The right use of the Law of God to show sin for what it is, is important. Once aware of sin, we can then the offer God’s grace, won for us when Jesus died on the cross to pay for all sin. The Holy Spirit brings the Gospel to heal and restore the sinner.
All this, and how to apply the Word of the Lord appropriately has to be taught and learned. This process of learning and applying the Word needs patience – we are slow learners – as witnessed to by the fact that we continue to sin.
We all need the continuous application of the Word, just as in the work place ongoing training is continually offered to help prevent accidents and increase efficiency.
Added to this is the urgency of people’s need for God and His Word with the difficult times which lie ahead as we are warned of in the Scriptures: For the time will come when people will not put up with sound doctrine.
Even today, people claiming to be Christian deny the resurrection of Jesus, saying that the Scriptures are myths and legends to illustrate an intellectualized spirituality.
This false teaching is much like that in the early church Gnostic heresies which we are warned about by St Paul who says …to suit their own desires, they will gather around them a great number of teachers to say what their itching ears want to hear. 4 They will turn their ears away from the truth and turn aside to myths.
The problem is not with the Gospel and sound teaching but with selfish and self-destructing spiritual curiosity which will probe where God says we shouldn’t.
Those who desire to satisfy their itching ears who want a ‘nice Jesus story’ which doesn’t challenge sin and false teaching remain idle in their faith, only willing to listen to teachers who say what they want to hear and not what God wants them to hear.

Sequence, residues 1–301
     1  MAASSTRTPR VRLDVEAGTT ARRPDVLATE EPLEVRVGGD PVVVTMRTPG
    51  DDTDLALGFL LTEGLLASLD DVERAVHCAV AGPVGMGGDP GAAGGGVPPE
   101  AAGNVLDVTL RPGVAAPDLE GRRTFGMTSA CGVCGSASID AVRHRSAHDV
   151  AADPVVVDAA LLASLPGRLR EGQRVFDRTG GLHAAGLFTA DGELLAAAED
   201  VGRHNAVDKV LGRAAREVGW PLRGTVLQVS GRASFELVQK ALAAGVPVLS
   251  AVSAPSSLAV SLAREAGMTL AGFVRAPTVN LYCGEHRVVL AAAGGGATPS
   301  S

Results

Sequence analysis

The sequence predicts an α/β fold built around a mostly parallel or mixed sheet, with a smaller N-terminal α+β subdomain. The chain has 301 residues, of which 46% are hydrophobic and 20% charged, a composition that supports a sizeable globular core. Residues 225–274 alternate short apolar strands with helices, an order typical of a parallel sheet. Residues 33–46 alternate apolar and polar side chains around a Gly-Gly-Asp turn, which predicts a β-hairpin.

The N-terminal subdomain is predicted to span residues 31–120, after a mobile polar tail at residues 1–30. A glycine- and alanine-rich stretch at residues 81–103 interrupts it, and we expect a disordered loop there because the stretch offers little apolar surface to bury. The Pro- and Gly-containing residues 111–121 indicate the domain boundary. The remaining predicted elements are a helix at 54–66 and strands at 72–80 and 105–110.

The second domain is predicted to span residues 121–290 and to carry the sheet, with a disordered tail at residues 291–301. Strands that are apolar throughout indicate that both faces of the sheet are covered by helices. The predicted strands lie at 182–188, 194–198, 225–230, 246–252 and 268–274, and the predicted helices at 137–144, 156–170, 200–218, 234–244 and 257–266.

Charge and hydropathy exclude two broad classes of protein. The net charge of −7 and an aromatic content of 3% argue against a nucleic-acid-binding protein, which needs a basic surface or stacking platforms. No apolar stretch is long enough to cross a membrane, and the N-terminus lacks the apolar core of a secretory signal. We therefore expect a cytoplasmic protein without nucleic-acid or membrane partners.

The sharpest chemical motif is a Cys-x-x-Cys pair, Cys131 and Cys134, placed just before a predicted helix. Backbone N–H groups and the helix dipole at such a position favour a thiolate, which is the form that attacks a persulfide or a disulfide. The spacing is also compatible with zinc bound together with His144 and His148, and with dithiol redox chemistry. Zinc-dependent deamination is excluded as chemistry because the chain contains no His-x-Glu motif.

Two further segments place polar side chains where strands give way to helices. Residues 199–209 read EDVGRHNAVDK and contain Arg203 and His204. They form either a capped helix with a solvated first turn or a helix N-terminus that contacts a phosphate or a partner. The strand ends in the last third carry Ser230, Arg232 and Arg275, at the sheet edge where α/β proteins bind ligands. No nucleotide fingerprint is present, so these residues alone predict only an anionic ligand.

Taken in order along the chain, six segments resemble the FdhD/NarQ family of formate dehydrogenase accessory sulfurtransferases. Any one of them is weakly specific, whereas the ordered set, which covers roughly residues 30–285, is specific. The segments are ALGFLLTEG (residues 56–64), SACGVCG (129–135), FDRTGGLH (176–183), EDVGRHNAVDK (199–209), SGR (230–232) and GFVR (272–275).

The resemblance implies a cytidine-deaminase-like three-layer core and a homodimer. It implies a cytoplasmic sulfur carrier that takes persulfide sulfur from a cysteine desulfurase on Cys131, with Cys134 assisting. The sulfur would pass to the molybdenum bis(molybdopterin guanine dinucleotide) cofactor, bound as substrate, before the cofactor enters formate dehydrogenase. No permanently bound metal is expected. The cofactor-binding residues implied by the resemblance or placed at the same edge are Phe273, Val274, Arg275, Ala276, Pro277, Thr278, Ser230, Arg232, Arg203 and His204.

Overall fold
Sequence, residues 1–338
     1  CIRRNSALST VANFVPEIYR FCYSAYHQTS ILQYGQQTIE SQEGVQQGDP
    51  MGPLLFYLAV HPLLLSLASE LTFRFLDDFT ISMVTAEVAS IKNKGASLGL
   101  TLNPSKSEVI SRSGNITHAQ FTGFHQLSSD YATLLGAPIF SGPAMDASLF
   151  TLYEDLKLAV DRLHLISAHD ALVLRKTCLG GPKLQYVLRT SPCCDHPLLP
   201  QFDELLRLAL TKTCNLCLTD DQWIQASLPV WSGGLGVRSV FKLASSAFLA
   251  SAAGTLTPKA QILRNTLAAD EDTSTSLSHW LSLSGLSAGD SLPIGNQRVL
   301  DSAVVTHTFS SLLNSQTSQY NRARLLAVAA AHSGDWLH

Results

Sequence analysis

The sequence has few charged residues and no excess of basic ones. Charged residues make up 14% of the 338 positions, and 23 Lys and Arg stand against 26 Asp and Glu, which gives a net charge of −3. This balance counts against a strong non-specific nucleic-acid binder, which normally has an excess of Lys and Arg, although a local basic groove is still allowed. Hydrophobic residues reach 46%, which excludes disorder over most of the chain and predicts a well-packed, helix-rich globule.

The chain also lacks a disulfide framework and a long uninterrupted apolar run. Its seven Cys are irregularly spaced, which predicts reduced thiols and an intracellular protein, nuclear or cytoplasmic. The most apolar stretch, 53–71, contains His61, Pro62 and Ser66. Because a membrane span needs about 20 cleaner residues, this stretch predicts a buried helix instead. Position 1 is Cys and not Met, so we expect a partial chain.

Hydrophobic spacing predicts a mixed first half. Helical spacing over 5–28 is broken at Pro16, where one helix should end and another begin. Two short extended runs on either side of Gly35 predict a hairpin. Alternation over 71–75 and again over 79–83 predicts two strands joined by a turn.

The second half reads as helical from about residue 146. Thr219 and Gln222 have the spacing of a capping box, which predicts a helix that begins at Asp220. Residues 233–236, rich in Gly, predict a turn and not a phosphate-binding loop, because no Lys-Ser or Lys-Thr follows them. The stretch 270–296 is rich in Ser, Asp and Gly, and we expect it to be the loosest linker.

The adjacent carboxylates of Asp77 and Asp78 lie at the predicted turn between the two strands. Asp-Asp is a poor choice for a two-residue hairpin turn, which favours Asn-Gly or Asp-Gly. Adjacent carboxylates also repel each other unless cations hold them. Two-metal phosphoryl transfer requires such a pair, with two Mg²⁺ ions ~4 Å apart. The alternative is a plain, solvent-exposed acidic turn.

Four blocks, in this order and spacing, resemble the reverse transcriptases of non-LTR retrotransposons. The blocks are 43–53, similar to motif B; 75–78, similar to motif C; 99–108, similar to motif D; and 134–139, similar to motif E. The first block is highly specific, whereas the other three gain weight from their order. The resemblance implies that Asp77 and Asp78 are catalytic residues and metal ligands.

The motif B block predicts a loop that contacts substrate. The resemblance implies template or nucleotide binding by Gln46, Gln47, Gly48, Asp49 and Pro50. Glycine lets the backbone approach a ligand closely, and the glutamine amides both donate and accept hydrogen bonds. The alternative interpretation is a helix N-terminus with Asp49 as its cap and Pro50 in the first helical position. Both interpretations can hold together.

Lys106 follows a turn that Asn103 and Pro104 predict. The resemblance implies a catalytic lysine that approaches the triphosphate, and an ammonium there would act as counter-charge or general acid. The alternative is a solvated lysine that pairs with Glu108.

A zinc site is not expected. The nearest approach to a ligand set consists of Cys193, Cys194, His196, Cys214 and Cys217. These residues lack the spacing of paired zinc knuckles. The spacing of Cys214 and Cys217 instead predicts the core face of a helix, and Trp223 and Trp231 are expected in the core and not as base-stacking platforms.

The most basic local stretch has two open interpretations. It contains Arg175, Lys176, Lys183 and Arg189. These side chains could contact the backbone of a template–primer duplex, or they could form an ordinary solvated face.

These people set themselves up as their own God and become idolaters as St Paul says: 2 Timothy 3:2–4 (NIV) 2 People will be lovers of themselves, lovers of money, boastful, proud, abusive, disobedient to their parents, ungrateful, unholy, 3 without love, unforgiving, slanderous, without self-control, brutal, not lovers of the good, 4 treacherous, rash, conceited, lovers of pleasure rather than lovers of God—
We are to be, as St Paul says in 1 Thessalonians 5:6–8 (NIV), 6 … awake and sober…, putting on faith and love as a breastplate, and the hope of salvation as a helmet.
We should not rush to follow new theological trends, but test them against Scripture and sound teaching. You know the story of the “Emperor’s new clothes” where the Emperor was sold on an invisible set of new clothes and in his folly ended up naked and embarrassed when a child says, “He’s got no clothes on.”
When Christ returns we don’t want to be found with “no clothes” because we listened to empty theology and spiritualized nonsense which reduces Jesus to a myth or legend.
Suffering for our faith is to be born in the knowledge that Christ gives us the victory.
When we as Christians become comfortable and complacent about our knowledge of the faith, when we are not spiritually fed and nurtured or are consuming the wrong spiritual food we are at risk of eternal separation from God.
In the spiritual supermarket of the world we need to be aware that like much processed food there are additives to make error more palatable and there is processing which depletes what is most valuable in the way of nutrients. The flavour may be artificial, giving a false sense of wellbeing.
So it can be with faith which departs from that which has been handed down to us from the Prophets and Apostles – from God Himself.
Beware of faith and teaching which has been “pimped up”, “tanked up”, “revised”, “remodeled” and or ‘adapted” so that it is no longer beneficial and only provides what suit(s) our own desires, … which our itching ears want to hear.
As St Paul exhorts Timothy so also I encourage you all to, …continue in what you have learned and have become convinced of, because you know those from whom you learned it,..., keep your head in all situations, endure hardship, do the work of an evangelist, discharge all the duties of your ministry.